In accordance with the Rules, paragraphs 2 and 4, the Center formally notified the Respondent of the Complaint, and the proceedings commenced on December 29, 2020. In accordance with the Rules, paragraph 5, the due date for Response was January 18, 2021. On December 29, 2020, the Center received an email communication from the Respondent. On January 5, 2021, the Complainant filed a supplemental filing. On January 8, 2021, the Center received a further email communication from the Respondent. On January 21, 2021, the Center notified the commencement of Panel appointment process to the Parties.
The Center appointed Steven A. Maier as the sole panelist in this matter on January 28, 2021. The Panel finds that it was properly constituted. The Panel has submitted the Statement of Acceptance and Declaration of Impartiality and Independence, as required by the Center to ensure compliance with the Rules, paragraph 7.
4. Supplemental Filings
The Respondent has submitted several emails to the Center in response to the Complaint. The Complainant has submitted a supplemental filing in reply to one such email, in which the Respondent claimed to have been duly authorized by the Complainant to sell its products. The Respondent submitted a short reply to that supplemental filing. The Panel has determined in this case that it is appropriate in the interests of fairness for the various submissions referred to above to be considered and that to take account of such submissions will not interfere disproportionately with the efficient disposition of the case. The Panel therefore admits all of the submissions referred to above.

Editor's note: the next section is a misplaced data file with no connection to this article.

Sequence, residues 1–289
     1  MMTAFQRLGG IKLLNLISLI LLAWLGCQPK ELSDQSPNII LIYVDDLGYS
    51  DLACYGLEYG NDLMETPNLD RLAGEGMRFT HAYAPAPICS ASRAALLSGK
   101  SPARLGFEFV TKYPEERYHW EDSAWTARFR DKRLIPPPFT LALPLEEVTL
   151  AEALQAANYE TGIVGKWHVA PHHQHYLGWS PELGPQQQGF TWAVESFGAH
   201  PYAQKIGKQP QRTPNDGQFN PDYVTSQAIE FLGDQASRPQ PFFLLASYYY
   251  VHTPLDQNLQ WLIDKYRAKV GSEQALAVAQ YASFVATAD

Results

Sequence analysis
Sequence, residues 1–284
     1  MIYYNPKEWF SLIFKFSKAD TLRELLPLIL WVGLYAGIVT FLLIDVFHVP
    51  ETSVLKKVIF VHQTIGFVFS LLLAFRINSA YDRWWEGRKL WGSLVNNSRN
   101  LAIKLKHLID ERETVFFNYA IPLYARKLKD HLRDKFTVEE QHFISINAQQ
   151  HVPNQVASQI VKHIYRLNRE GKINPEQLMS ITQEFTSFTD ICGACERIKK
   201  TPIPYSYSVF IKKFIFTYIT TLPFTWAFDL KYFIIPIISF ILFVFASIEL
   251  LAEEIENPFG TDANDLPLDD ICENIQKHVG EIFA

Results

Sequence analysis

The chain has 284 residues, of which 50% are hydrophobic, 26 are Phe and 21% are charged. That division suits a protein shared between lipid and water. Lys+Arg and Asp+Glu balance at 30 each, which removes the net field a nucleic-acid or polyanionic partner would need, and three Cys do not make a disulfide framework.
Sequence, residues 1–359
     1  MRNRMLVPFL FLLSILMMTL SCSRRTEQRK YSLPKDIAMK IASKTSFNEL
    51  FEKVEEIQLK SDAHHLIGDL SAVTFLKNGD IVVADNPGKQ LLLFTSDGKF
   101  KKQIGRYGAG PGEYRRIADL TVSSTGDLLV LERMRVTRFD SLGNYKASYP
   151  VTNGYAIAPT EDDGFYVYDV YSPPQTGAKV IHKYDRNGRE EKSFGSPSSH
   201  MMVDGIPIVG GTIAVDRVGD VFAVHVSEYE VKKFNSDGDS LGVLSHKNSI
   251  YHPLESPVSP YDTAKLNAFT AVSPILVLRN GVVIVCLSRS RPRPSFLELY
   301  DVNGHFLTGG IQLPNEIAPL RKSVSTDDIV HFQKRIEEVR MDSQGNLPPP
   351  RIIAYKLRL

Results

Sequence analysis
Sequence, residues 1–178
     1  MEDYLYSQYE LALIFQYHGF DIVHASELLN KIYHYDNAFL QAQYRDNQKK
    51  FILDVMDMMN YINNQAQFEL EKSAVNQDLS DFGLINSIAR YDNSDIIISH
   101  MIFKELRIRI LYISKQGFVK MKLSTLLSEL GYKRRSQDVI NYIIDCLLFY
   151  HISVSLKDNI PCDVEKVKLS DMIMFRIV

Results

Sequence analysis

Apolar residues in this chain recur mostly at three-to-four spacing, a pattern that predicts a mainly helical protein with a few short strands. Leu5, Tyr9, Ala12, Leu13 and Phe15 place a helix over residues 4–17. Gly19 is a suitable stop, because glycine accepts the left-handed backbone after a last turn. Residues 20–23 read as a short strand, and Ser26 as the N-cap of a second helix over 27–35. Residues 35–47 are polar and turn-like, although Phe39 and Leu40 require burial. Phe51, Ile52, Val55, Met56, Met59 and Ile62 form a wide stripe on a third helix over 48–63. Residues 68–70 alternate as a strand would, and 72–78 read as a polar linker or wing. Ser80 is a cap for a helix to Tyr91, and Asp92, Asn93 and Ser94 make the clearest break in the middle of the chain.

5. Factual Background
The Complainant is a company registered in Switzerland. It is a subsidiary of Philip Morris International, Inc., which is an international tobacco company.
The Complainant offers a range of “reduced risk products” under the name and trademark IQOS. The products comprise a controlled heating device into which tobacco sticks are inserted in order to generate a nicotine-containing aerosol. The Complainant’s IQOS branded system also includes a pocket charger.